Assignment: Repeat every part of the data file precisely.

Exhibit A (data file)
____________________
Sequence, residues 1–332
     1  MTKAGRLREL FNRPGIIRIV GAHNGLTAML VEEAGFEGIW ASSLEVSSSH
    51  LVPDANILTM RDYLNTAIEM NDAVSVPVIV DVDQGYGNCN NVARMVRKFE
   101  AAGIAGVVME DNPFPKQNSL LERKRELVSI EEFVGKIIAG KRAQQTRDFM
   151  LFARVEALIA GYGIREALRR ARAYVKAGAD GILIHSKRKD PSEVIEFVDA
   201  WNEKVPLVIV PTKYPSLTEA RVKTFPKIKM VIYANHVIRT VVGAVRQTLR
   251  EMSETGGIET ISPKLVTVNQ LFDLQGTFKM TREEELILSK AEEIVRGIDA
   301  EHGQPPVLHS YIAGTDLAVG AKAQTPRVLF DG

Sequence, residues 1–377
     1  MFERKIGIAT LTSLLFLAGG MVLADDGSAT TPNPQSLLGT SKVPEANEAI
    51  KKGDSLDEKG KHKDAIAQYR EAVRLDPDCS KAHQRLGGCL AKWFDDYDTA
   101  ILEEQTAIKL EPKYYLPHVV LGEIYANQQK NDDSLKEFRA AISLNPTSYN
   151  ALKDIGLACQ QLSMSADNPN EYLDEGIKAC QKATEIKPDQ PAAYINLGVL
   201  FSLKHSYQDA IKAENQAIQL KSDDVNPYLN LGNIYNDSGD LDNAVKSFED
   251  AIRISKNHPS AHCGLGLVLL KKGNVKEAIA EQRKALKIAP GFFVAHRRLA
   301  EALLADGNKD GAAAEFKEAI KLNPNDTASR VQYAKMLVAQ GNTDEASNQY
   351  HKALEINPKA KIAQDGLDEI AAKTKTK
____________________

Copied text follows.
Sequence, residues 1–332
     1  MTKAGRLREL FNRPGIIRIV GAHNGLTAML VEEAGFEGIW ASSLEVSSSH
    51  LVPDANILTM RDYLNTAIEM NDAVSVPVIV DVDQGYGNCN NVARMVRKFE
   101  AAGIAGVVME DNPFPKQNSL LERKRELVSI EEFVGKIIAG KRAQQTRDFM
   151  LFARVEALIA GYGIREALRR ARAYVKAGAD GILIHSKRKD PSEVIEFVDA
   201  WNEKVPLVIV PTKYPSLTEA RVKTFPKIKM VIYANHVIRT VVGAVRQTLR
   251  EMSETGGIET ISPKLVTVNQ LFDLQGTFKM TREEELILSK AEEIVRGIDA
   301  EHGQPPVLHS YIAGTDLAVG AKAQTPRVLF DG

Sequence, residues 1–377
     1  MFERKIGIAT LTSLLFLAGG MVLADDGSAT TPNPQSLLGT SKVPEANEAI
    51  KKGDSLDEKG KHKDAIAQYR EAVRLDPDCS KAHQRLGGCL AKWFDDYDTA
   101  ILEEQTAIKL EPKYYLPHVV LGEIYANQQK NDDSLKEFRA AISLNPTSYN
   151  ALKDIGLACQ QLSMSADNPN EYLDEGIKAC QKATEIKPDQ PAAYINLGVL
   201  FSLKHSYQDA IKAENQAIQL KSDDVNPYLN LGNIYNDSGD LDNAVKSFED
   251  AIRISKNHPS AHCGLGLVLL KKGNVKEAIA EQRKALKIAP GFFVAHRRLA
   301  EALLADGNKD GAAAEFKEAI KLNPNDTASR VQYAKMLVAQ GNTDEASNQY
   351  HKALEINPKA KIAQDGLDEI AAKTKTK